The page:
One of the tools you can use when you start a bridge concept is a simple benefit/cost analysis. The New York State DOT has a worksheet that helps a designer narrow down the cost and type of structure required for a location. (Click on the image below to see a sample of the worksheet.)
Four-foot-diameter caissons were drilled into the ground adjacent to the stream bed. Below a depth of 10 feet, the soil temperature is between 50 and 55F. Heat is extracted from the caissons through heat exchangers as a glycol fluid is pumped through the system.
The heat is transferred via closed loop three-quarter inch stainless steel pipes, embedded in the concrete deck, which weave up and down — six inches apart — across the 100-foot span. The glycol then warms the deck, melting ice and snow. Depending on the outside temperature, auxiliary flash boilers are activated to increase the glycol’s temperature, speeding the melt.
Since the project began in 2000, more than 15 million tonnes of CO2 have been injected into the Weyburn oilfield. The CO2 increases reservoir pressure and recovery rates from mature oilfields, such as Weyburn, which was discovered in the mid-1950s.
A good overview of sustainable bridge design on structuremag.org. Daniel Whittemore suggests that a rating system is needed to “measure” a sustainable design. (Which I think is true) So it is a good thing that ASCE is developing a new rating system which will be rolled out later this spring!
So, in practice, sustainable bridge design is not about strictly environmental concerns, or only about energy conservation. Instead, it is a more holistic – top to bottom review and evaluation of a bridge project’s merit and compatibility with the indigenous human and wildlife populations on both the micro and macro scale. As such, it has the potential to be a useful tool to quantify and determine the true scale of even indirect or unintended deterioration done to our environment, society and the community at large.
I literally just read about the Dharma Wheel, which is often used to represent the Noble Eightfold Path. This is essentially a “how to live” guide for Buddhists and something I will shamelessly morph into a discussion of sustainability in bridge design and a way of living for engineers. (I think I am little preachy in this discussion, its like a smoker who quits and now wants everyone to quit…..)
(Note: material is taken from Wikipedia and adapted to my skewed perspective.)
1) Right View
It is the right way of looking at life, nature, and the world as they really are. It is to understand how reality works. It acts as the reasoning for someone to start practicing the path. It explains the reasons for human existence, suffering, sickness, aging, death, the existence of greed, hatred, and delusion.
I have uploaded a couple of bridge images that I am going to “improve” in Photoshop (or Gimp). If anyone wants to take a shot at making them look cool, go ahead and then send it back to me for posting. I will even give you credit! (Click on the image for the large view.)
From a USAToday article, see how much your state lost. (If earmarks are indeed lost money.)
The problem is so pervasive that almost 1 in 3 highway dollars earmarked since 1991 — about $13 billion — remains unspent, federal data show. “We call them orphan earmarks,” says Michael Covington of the South Carolina Department of Transportation. “They don’t have a home.”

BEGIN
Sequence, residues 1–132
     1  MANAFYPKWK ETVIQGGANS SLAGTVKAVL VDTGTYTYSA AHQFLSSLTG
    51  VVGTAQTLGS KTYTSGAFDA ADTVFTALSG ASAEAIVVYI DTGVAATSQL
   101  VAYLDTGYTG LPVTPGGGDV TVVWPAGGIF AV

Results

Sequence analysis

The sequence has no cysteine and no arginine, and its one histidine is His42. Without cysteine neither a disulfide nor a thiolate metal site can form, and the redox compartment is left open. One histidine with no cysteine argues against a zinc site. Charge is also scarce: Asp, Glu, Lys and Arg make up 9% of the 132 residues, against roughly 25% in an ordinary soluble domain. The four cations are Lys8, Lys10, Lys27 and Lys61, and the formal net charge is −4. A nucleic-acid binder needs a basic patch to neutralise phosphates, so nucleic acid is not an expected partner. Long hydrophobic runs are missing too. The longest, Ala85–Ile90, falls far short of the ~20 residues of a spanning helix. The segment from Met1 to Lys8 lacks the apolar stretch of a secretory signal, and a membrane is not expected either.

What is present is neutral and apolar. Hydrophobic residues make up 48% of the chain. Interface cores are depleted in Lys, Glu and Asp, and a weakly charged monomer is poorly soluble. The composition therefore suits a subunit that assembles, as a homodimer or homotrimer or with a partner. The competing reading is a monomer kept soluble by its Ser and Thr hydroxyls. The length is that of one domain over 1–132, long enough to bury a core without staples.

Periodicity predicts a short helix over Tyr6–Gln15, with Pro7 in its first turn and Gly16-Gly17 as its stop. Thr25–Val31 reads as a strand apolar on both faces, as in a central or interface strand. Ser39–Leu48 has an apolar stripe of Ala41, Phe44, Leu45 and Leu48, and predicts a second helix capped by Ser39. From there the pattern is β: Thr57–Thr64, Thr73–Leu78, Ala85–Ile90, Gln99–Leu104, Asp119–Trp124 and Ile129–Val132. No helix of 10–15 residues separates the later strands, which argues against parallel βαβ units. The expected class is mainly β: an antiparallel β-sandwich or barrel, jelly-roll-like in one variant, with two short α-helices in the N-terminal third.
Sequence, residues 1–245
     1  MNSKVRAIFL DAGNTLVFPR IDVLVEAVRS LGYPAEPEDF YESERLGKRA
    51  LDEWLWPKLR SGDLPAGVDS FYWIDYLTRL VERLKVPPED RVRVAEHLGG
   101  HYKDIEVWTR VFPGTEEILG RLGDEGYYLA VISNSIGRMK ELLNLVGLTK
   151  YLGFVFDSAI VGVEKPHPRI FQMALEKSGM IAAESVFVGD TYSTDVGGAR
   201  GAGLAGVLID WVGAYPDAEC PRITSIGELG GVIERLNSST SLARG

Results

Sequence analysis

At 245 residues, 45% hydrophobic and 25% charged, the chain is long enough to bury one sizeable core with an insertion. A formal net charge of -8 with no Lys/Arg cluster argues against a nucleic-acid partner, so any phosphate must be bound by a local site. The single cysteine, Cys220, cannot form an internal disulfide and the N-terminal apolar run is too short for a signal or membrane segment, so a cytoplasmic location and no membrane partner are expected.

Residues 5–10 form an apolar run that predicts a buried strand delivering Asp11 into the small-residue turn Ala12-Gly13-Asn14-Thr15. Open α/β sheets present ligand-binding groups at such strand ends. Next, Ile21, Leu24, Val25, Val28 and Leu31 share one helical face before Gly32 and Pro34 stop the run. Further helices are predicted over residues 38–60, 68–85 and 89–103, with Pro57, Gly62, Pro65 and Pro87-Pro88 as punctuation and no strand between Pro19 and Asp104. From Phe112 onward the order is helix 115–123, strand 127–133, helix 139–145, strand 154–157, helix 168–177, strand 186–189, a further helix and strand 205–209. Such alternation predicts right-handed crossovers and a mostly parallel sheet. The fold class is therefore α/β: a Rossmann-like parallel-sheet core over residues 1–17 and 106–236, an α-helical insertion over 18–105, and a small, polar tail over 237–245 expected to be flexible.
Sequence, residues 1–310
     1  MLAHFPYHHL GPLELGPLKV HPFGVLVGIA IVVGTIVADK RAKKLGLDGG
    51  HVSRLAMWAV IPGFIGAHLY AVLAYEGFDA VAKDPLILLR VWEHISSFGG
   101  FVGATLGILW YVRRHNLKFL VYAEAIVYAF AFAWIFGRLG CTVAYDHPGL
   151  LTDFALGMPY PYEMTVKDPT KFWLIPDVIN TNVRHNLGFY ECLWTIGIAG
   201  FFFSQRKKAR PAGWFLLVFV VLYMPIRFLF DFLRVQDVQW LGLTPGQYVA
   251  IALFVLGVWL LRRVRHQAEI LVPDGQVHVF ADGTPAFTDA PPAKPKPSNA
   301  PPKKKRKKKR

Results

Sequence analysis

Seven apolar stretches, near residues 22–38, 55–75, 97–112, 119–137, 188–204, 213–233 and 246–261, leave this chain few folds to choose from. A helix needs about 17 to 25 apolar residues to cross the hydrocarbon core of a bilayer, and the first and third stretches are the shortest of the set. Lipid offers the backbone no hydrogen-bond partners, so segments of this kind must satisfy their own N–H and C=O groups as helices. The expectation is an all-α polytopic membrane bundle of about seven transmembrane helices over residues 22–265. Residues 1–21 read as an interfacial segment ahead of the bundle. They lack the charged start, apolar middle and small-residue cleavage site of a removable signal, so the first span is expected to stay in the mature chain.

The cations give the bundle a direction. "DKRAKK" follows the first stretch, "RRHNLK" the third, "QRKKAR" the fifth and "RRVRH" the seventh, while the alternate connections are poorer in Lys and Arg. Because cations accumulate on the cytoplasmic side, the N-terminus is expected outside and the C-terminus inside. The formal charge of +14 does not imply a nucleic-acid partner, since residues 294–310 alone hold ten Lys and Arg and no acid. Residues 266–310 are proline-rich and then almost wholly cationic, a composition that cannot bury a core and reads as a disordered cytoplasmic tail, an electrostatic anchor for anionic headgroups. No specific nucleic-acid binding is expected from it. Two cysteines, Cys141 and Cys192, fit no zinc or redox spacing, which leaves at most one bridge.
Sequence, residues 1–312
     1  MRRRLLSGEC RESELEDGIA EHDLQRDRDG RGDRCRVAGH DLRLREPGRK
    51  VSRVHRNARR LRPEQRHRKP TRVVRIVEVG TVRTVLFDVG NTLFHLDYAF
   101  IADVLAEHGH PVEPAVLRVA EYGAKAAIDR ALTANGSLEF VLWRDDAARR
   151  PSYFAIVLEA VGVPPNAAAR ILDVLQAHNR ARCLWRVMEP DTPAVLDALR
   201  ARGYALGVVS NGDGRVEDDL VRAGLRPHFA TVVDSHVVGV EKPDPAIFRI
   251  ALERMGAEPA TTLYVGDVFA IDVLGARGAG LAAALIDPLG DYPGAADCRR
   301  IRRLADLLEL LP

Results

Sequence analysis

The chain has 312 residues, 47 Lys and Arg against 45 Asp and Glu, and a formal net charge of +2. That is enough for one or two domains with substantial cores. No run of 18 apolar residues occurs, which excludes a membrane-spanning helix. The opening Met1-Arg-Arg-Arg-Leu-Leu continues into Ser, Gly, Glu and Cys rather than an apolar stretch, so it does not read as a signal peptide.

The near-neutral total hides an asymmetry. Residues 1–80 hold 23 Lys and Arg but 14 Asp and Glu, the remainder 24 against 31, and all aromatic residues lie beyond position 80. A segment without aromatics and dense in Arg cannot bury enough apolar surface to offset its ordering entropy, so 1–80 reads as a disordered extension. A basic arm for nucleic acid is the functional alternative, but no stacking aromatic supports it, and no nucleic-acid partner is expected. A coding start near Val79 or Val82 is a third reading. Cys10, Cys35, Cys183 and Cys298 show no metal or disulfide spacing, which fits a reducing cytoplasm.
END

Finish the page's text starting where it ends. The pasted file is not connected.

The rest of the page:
You probably have heard that phrase a million times. The idea of buying local produce and products helps the local economy, reduces carbon emissions, (less trucks hauling long distances) and helps build your community, by keeping the money in house. It is a strategy that seems to be transforming organic food production and is a big drawing card for local restaurants. (shameless plug below)
Would this work for bridges? (HP touched on the concept in my previous post.)
It would work this way. If your community needed a bridge you would design it with local materials in mind. If your state was a precast concrete state like mine is, you would lean heavily towards concrete bridges, that could be constructed with local forces. Steel bridges would be a last resort because the material and fabrication would be outsourced to another state and trucked back in. You would not see any of that money in your community. Then a specialized work force would come in and erect the structure. (Obvious it would be the opposite way if you where a steel making state and you had to import concrete.)
Is this an ethical sustainability practice for bridges? Even if you had to pay more, but the money stayed locally, would this be a good idea?
How do you make a typical highway bridge sustainable? Most engineers would probably argue that a small pretensioned precast beam bridge is the best you can do in terms of economy and design efficiency. Where it falls down is in the social or community aspect of the structure.
Typical highway bridges are not attractive and there is little you can do to make it blend into the community. But they are inexpensive (for the most part) and easy to design.
I just saw this before bed. A group has formed to promote awareness of three potential corridors for a new interprovincial bridge near Ottawa, Ontario. (Canada….)
As far as I can see they are lobbying for more discussion and a rational solution, based on the principles of sustainability. I’m not sure who is right but I like the public getting involved.
Sustainable Solutions/Solutions durables believes that none of the currently proposed bridge corridors provide a real solution to the long standing and unacceptable situation of 2500+ inter-provincial heavy trucks per day transiting downtown Ottawa. Furthermore it is our position that it will be unacceptable to build a bridge costing $500M or more (initial estimates from Phase 1) which does not provide a solution to this interprovincial truck problem.
Our goal is to raise awareness of this issue and build consensus among the affected communities to lobby the study proponents (NCC, MTO, & MTQ along with the Cities of Ottawa and Gatineau) to widen the scope of the study to include a proper evaluation of additional options that could provide a better solution to this truck problem.